Mayor appeals 400-block planning decision

Threatens lawsuit if appeal is unsuccessful

Mayor Ignacio Velazquez is moving forward with his plans to appeal the Hollister Planning Commission’s approval of a tentative map for the 400-block projects in Hollister.

The projects include the Community Foundation’s non-profit offices and a mixed-use condominium building on San Benito Street at Fourth Street. On April 11, the mixed-use space and foundation received approval by the planning commission, which approved a tentative map, conditional use permit and minor subdivision for the Del Curto Brothers and Community Foundation of San Benito County.

Prior to the planning commission decision, Velazquez sent a letter through his lawyers, Robert Perlmutter and Edward Shexnayder at Shute, Mihaly and Wineberger, claiming that the decision violated a number of environmental and city codes.

When the sale of the property on the 400 block neighboring The Vault, Velazquez’s banquet hall, was first approved, Velazquez gathered signatures to get a referendum on the ballot that would overturn the decision. Although the petition gathered enough valid signatures, California Attorney General Xavier Beccera said the decision could not be subject to a citywide vote.

Velazquez abstains on voting on decisions regarding the 400 block, but has sent two letters to the planning commission and spoken out against the issue “as a private citizen.” He left the room for the vote at the May 6 council meeting, which set the date for the appeal hearing of the planning commission decision.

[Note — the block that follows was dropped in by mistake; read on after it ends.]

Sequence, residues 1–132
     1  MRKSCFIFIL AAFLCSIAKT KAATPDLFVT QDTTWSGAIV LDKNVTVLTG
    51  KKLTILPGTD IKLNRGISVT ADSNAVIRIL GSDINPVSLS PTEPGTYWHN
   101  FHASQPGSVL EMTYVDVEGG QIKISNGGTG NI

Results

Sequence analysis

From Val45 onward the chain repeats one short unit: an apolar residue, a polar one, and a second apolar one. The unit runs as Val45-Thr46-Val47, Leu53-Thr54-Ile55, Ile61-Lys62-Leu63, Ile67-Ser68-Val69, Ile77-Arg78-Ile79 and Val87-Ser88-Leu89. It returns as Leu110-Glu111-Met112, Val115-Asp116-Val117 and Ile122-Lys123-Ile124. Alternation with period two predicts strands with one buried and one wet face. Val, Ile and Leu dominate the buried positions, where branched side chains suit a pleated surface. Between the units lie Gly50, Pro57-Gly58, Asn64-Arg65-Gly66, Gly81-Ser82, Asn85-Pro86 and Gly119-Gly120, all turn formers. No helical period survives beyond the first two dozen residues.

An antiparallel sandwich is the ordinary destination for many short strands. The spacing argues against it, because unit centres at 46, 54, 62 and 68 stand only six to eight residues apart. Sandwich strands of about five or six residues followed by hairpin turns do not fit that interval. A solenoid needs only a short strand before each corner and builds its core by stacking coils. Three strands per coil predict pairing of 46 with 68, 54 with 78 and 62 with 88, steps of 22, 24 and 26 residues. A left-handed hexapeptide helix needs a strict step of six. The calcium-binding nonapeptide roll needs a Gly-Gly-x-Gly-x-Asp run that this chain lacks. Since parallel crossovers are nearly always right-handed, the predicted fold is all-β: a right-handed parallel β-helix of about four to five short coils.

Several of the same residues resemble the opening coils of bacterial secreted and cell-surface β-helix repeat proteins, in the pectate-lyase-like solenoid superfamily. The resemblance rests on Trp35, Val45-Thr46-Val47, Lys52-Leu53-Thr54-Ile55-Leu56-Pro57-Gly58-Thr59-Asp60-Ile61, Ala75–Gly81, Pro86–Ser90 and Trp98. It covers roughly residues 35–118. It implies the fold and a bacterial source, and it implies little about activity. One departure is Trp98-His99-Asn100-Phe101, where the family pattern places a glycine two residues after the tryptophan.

Any city resident can appeal a planning commission decision within 15 days. At the meeting the council decided on the date that the appeal would be heard. The 400-block decision was also discussed in closed session ahead of the public council meeting.

The council agreed to the appeal date hearing on May 20. This is when the council will review the planning commission’s decision and make a determination on whether or not to uphold the decision. Velazquez previously told the Free Lance that if the decision is upheld, he plans to sue the city to overturn the 400-block plans.

Velazquez and his lawyers believe the project’s approval is unlawful because “the project violates the maximum residential density for the project site; the project does not qualify for a density bonus; the project requires full CEQA review; (and) the city should comply with the state law requirements for street vacation.”

The city’s planning department replied to each of Velazquez’s points, but he believed they did not offer significant explanations.

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